# Short and clean python quick sort solution.

• The ticky is dividing the list into three part in every scan loop. Left part is less than pivot, middle part is equals to pivot, and right part is greater than pivot.

``````# requirement: hat is not None
def quick_sort(hat, tail):
if hat.next is tail or hat.next.next is tail:
return

hat1, hat2, hat3 = hat, hat.next, ListNode(None)
tail1, tail2, tail3 = hat1, hat2, hat3
p, pivot = hat2.next, hat2.val
while p is not tail:
if p.val < pivot:
tail1.next, tail1, p = p, p, p.next
elif p.val == pivot:
tail2.next, tail2, p = p, p, p.next
else:
tail3.next, tail3, p = p, p, p.next

# Caution: DO NOT change the order of these three line codes below.
tail3.next = tail
tail2.next = hat3.next
tail1.next = hat2

quick_sort(hat1, hat2)
quick_sort(tail2, tail)

class Solution:
# @return {ListNode}
hat = ListNode(None)
quick_sort(hat, None)
return hat.next``````

• I have a question, is recursive solution considered `constant space complexity'? Cause the stack will use O(nlogn) space if it is called recursively.

• Hi, JinhongChen. You are right, this solution can not be considered "constant space complexity". Since it is recursive, the stack will use O(log(n)) space.
By the way, could anyone find a constant space complexity and a O(n*log(n)) time complexity solution for this problem?

• Use iterative method then. But I do favor writing recursive solution for quick-sort or merge-sort problems

• I think the iterative method can't be considered "constant space complexity" too. Because it uses a manual stack.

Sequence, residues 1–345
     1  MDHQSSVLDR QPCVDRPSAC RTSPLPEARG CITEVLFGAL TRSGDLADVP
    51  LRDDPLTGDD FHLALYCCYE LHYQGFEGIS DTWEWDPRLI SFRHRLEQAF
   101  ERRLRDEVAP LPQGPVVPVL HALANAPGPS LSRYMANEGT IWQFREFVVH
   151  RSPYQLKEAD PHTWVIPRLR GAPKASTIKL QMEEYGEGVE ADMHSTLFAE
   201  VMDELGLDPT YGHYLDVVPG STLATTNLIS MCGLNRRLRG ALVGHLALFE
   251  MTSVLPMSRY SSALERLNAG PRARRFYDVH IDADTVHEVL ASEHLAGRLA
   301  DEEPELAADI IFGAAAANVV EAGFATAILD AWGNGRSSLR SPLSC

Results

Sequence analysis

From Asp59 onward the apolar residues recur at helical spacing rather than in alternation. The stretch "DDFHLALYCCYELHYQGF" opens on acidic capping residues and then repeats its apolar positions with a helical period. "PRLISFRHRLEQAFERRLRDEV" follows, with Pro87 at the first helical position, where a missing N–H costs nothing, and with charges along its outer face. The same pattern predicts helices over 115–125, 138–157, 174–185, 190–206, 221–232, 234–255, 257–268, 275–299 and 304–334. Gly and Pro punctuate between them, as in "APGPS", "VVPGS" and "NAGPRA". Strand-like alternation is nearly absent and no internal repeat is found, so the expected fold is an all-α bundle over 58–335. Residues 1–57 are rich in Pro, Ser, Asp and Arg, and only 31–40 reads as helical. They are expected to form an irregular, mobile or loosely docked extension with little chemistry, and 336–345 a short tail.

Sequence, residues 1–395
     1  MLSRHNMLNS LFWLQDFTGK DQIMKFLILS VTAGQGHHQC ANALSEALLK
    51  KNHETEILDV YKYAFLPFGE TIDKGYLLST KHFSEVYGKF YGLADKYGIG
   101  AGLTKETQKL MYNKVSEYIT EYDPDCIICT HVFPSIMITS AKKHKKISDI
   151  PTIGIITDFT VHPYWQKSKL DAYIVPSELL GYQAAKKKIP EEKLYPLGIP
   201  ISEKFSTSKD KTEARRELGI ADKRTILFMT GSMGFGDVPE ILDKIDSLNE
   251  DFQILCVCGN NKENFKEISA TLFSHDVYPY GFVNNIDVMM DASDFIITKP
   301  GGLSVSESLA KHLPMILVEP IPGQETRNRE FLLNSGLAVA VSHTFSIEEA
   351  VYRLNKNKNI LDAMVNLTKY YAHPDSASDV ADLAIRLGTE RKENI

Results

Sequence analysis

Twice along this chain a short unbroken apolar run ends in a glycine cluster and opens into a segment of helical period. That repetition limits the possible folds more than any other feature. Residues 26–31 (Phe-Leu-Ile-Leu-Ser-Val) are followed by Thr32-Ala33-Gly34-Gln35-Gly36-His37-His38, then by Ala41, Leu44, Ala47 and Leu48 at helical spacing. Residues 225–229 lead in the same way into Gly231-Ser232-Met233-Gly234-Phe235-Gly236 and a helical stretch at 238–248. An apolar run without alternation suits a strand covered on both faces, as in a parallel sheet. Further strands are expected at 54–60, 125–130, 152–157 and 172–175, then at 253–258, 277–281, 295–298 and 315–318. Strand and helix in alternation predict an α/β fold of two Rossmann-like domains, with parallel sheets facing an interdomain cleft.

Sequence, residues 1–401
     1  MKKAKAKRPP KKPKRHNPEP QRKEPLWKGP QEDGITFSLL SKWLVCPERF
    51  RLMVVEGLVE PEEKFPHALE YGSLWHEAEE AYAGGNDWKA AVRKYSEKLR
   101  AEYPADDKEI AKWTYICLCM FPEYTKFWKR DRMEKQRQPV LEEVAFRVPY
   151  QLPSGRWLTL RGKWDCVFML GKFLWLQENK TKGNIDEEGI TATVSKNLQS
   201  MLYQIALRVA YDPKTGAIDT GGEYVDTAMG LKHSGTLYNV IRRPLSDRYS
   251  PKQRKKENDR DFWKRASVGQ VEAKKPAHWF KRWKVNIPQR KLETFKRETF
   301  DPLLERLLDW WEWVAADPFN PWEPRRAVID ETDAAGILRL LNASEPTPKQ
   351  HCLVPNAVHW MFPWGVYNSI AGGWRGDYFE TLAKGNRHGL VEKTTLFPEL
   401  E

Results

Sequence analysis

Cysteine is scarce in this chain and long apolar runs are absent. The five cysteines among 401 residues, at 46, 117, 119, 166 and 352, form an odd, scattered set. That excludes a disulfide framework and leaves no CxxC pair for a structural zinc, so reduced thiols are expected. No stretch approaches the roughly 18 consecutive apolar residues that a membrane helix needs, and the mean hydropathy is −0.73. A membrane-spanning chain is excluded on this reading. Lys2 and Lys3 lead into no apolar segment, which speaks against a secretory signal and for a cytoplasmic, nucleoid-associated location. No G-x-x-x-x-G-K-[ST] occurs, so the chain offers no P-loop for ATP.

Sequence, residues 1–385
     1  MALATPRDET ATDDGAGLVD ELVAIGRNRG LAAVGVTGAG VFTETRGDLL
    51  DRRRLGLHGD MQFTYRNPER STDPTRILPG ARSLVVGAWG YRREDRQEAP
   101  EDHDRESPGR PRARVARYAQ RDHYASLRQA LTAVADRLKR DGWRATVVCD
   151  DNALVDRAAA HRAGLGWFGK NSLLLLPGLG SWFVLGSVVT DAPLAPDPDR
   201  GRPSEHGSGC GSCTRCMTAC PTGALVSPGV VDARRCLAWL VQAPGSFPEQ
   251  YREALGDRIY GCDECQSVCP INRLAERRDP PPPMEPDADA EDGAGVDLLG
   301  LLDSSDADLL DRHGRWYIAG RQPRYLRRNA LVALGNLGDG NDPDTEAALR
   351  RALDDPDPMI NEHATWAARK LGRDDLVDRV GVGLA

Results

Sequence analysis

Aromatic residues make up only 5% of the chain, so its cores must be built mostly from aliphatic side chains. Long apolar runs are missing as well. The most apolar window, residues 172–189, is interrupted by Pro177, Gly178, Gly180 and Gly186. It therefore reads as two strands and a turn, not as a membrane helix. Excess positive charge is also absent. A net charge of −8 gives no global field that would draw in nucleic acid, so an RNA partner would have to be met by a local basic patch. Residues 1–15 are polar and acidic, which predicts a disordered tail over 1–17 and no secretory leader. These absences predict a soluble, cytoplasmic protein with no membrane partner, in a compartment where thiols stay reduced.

• Hi, MissMary. Mergesort solution would have constant space complexity since we don't need to use extra storage for "merge". I've implemented it as following:

1. Start from the head of the list (let it be n1)
2. Follow the pointers from n1 to find the next node with smaller value than the previous (let it be n2)
3. Call merge with n1 and n2. Merge will proceed until we processed all elements from n1 to n2 and encountered the value smaller than the previous one in the sequence starting with n2. Return the node with that smaller value and use it as new n1. Remember the fact that you called merge.
4. Repeat until you reach the end of the list.
5. Check if you called merge during this run. If not, the array is sorted, otherwise - reset n1 to head and repeat.

Step 5 might be optimized a bit to avoid an extra pass in some cases.

• Hi, freevoid. This is really a good idea. Thank you very much. Would you provide your AC code?

• Sure, here it is:

``````class Solution(object):
"""
:rtype: ListNode
"""

node_prev = None
merges_in_pass = 0
while True:
node2_prev = node
if node:
node2 = node.next
else:
node2 = None

while node2 and node2.val >= node2_prev.val:
node2_prev = node2
node2 = node2.next

if node2 is not None:
assert node2_prev is not None
merges_in_pass += 1
else:
if merges_in_pass > 1 or (merges_in_pass == 1 and node is not None):
node_prev = None
merges_in_pass = 0
else:

def merge(n1, n2, n1_prev, n2_prev, head):
if n2 is None:

while n1 != n2 and n2 is not None:
if n1.val <= n2.val:
n1_prev = n1
n1 = n1.next
else:
next_n2 = n2.next
n2_prev.next = next_n2
if n1_prev is None:
else:
n1_prev.next = n2
n2.next = n1
n1_prev = n2

if next_n2 and n2.val > next_n2.val:
n2 = next_n2
break
else:
n2 = next_n2

while n2 and n2.val >= n2_prev.val:
n2_prev = n2
n2 = n2.next